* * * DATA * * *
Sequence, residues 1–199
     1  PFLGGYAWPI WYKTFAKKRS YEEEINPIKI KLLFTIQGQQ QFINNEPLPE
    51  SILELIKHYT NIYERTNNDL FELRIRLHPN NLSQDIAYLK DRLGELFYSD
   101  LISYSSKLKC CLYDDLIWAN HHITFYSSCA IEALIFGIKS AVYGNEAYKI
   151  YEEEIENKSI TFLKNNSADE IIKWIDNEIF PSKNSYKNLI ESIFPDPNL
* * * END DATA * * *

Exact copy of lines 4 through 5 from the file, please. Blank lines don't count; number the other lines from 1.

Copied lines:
   101  LISYSSKLKC CLYDDLIWAN HHITFYSSCA IEALIFGIKS AVYGNEAYKI
   151  YEEEIENKSI TFLKNNSADE IIKWIDNEIF PSKNSYKNLI ESIFPDPNL